It seemed the killer had a specific method of operation, which would prove to be the link between crimes. The suspect would go to a coin shop, often many times, where he would ingratiate himself with the owner, talking a lot and pretending to be a prospective buyer. He was in-fact stalking his victims, familiarising himself with their habits and routines so they would become accustomed to seeing him. Then one day he would return, usually near closing time, to rob and shoot to kill using a small calibre weapon, and always in the head. Detectives across several states had been trying to solve separate crimes, but now it seemed possible they were all looking for the same man. A similar modus operandi of the killer was linked to several other homicides involving the murder and robbery of coin dealerships.
It was suspected the same killer was responsible for the murder of David Sutton of Everett, Washington, was found dead of a gunshot wound to the head on January 27, 1980, and his antique store robbed of $80,000 in silver dollars. This crime was similar to that of Thomas Rohr of Mishawaka, Indiana, who was killed during a robbery of the coin shop he managed on August 28, 1985, as well as the murder of Ruben "Lucky" Williams, of Vacaville, California. He was killed on 5 November 1986, with a gunshot wound to the head, and his coin shop, the Golden Hills Coin Exchange, was robbed. These murders stretched back across ten years, and all the victims were coin dealers who had been robbed.
Spokane detectives called again to say that another shop owner had recognised a customer from the previous April, named J.C. Weir. They were able to locate a Washington state listed silver Pontiac registered to a J.C. Weir. Det. Sgt. Archer said "Spokane let me know this man's driver's license in Washington had been surrendered in Wyoming.", so Billings detectives contacted Wyoming officials in Jackson Hole, the Wyoming address listed on the new license. This would turn out to be a dead end, with Sheriff's deputies there relaying that the address was phoney. However they did find a silver Pontiac at the local airport, and inside was a .22-caliber handgun, a silencer and coin wrappings from the Sparboe robbery. At the same time, Deputy Sheriff Pete Piccini in Jefferson County, Washington, was the lead investigator working the unsolved case of the disappearance of Robert and Dagmar Linton. The couple, from Stockton, California, went missing from their trailer while camping at a Washington State campground on the Olympic Peninsula on 22 August 1986.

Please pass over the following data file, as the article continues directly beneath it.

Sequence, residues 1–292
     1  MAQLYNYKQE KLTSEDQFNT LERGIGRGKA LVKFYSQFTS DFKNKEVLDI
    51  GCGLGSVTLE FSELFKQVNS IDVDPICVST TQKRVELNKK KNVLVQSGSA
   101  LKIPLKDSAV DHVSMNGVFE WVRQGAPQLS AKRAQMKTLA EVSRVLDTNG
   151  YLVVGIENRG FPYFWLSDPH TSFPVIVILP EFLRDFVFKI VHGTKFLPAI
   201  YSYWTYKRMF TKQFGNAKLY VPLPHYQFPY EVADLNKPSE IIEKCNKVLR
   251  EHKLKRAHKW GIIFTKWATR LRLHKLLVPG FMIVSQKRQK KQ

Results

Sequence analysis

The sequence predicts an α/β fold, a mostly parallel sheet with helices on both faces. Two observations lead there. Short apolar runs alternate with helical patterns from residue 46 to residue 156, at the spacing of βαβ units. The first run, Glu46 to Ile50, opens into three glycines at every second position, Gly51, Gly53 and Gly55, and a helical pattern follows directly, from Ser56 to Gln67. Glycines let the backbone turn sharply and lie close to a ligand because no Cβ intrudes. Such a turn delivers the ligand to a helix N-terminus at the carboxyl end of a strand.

Robert and Dagmar Linton

During the Summer of 1986, the Linton's headed towards the northwest with the intention of reaching Vancouver to see the World’s Fair. During their first month of travel, as they made their way northwards, they frequently contacted relatives back home. However, when they reached Washington State, the telephone calls abruptly stopped. The red and white trailer they had been travelling in was found by a campground staff member empty at a campground in Washington. On 23 August 1986, their pick-up truck was discovered abandoned at the Seattle-Tacoma Airport. Inside the mostly clean vehicle was found small amounts of blood in the wooden ceiling material of the camper shell, which included three distinct blood types, those of Robert, Dagmar and a third from an unknown individual. The trailer showed signs of a struggle, and despite their bodies not being discovered, investigators concluded the Linton's had been murdered.
The transactions made by the killer using the Linton's credits allowed Paccini to trace where they payments were being made across several states. In one particular instance, a large, bearded white man with his right hand bandaged was seen using the Linton's credit card to purchase an expensive clarinet. Once the credit card's activity was reported by the media, the card's usage stopped. During this investigation, Paccini interviewed numerous suspects, including a suspicious looking man with a bandage on his right hand who frequented a pawn shop. Paccini interviewed the bandaged-handed man because of his suspicious behaviour, but with no grounds to arrest him, the man was released. When Piccini saw the original Billings teletype, he at first discounted a link, because the man seen using the Linton's cards were bearded and neither victim was a dealer of coins. But then he learned through Billings investigators that the suspect they were tracking had lived in Deming, Washington, which was not far from where a Linton credit card had been first used.
By now the search for the suspect had become a multi-state investigation, "It was one of the unique joinings of police department" in a widespread investigation, said Piccini. Piccini began his own investigation, and found that the suspect's teena-ged daughter played the clarinet, and that her school records had been transferred from Washington to Alaska. Meanwhile Billings detectives pursued a lead from Airline personnel at Jackson Hole, who said that a J.C. Weir had flown to Anchorage two days after the Sparboe-Newstrom murders. When they inquired further, they discovered the suspect had been picked up by his wife Debbie, who then sold around $15,000 worth of gold there. It appeared J.C Weir had moved with his wife and two children to Kenny Lake, an isolated enclave roughly 85 miles north of Valdez.
Archer along with another Billings detective and several Alaska state troopers made an arrest there on 13 August 1990. They were greeted by a burley outdoorsman, and Archer noticed the man had a gap in his front teeth and a scar on his right hand. Inside his pocket was one of Kelly Finnegan's antique pocket watches and his son was found to be wearing a Rolex watch that was previously owned by the co-owner of Legacy Rare Coins. The man was eventually identified as 44-year-old Charles Thurman Sinclair, who used a variety of alias including J.C. Weir and Jim Stockton, and was suspected in as many as eight murders and one attempted murder. Piccini also suspected Sinclair of involvement in Linton disappearances in August 1986, as well as the rape of a real estate agent that same month, and the November 1987 kidnapping and murders of a vacationing Canadian couple, including the rape of the woman.